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Planning Your Estate: Avoid These Common Mistakes

Life can throw us many challenges including a life-threatening illness or a sudden death. We may not be able to prevent these catastrophes from occurring, but we can ensure our loved ones are taken care of, giving us the peace of mind to enjoy every day to its fullest.

With estate planning, you do not have to have great wealth and fortune or own large pieces of land. Planning your estate involves having your financial obligations, end-of-life care, and last wishes documented. It can help reduce the burden on your family while protecting your monetary worth from probate and taxes.

Taking control of your future, and the future of your loved ones isn’t as hard as it sounds with the help of the right professionals. In this article, we look at the common mistakes made with estate planning in Canada to help you and your loved ones avoid financial and emotional stress.

Not Having an Estate Plan at All

The first, and most common, mistake with any estate planning is not having a legalized estate planning document prepared. At the time of one’s death, the surviving family members and any business partners are grieving and sometimes are in a state of shock. Having a comprehensive plan for your death can help guide those left behind on your last wishes and the direction of your financial state.

Failing to Prepare for Incapacity

Documenting your last wishes is one thing, but another important aspect that is often neglected is preparing for incapacity. A will begins at the end of life while a Power of Attorney (POA) addresses issues while you are living. If an individual cannot mentally, emotionally, or physically give consent, a POA can transfer consent for an individual’s finances and/or healthcare to an elected person.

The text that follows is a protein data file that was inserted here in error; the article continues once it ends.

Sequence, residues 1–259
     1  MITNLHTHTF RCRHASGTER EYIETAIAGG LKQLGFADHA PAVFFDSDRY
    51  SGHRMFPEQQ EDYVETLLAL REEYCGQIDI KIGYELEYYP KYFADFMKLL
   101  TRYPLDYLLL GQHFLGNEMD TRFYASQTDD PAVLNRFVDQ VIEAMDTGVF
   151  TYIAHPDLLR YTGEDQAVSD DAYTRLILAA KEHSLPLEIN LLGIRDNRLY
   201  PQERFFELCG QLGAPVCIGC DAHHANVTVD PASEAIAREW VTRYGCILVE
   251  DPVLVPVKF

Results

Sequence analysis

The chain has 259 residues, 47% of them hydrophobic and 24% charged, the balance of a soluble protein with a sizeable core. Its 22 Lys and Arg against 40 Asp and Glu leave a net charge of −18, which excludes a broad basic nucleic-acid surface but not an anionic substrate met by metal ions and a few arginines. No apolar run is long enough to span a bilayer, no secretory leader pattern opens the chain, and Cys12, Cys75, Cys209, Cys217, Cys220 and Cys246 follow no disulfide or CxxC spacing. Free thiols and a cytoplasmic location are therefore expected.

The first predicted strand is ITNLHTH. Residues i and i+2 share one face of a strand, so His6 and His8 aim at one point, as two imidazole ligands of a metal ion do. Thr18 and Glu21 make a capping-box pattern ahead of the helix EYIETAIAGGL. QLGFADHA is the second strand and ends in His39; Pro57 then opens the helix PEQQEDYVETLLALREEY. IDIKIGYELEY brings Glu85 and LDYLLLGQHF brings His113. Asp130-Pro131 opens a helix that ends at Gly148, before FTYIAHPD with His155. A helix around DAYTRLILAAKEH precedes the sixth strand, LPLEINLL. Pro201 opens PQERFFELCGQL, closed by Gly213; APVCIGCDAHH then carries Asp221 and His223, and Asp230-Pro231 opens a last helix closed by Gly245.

Gifting Too Much Too Soon

A common estate planning mistake is gifting a large amount of property or money too soon. This is seen when an individual doesn’t want to wait until after their death for their child(ren) to gain their inheritance. Whether it is for enjoyment or for tax purposes, life has a way of throwing curveballs that can change the retirement plans of the individual. Investments can tumble, interest rates increase, property values fluctuate, and if the person’s health declines, money may be needed.

Not Considering Your Children’s Wishes

Yes, estate planning is about the wishes of the individual, but it also affects the family and/or loved ones. One should have a conversation with their adult children to get a better idea of what is expected upon their death. Far too often, the will is contested by the surviving members of the family, usually in regard to monetary amounts or “gifts”.

Not Equalizing the Inheritance

Inheritance is considered the ultimate last parting gift a person has for their surviving children. In most cases, the person’s estate is intended to be split equally. This becomes problematic when the inheritance includes property and investment portfolios due to taxes and fees.

Not Drafting a Co-Ownership Agreement

Failing to protect the assets with a co-ownership agreement can see the surviving partner left with little to nothing upon their loved one’s death. Most property (home or business) ownerships require a co-ownership agreement to dictate what will happen when a co-owner passes.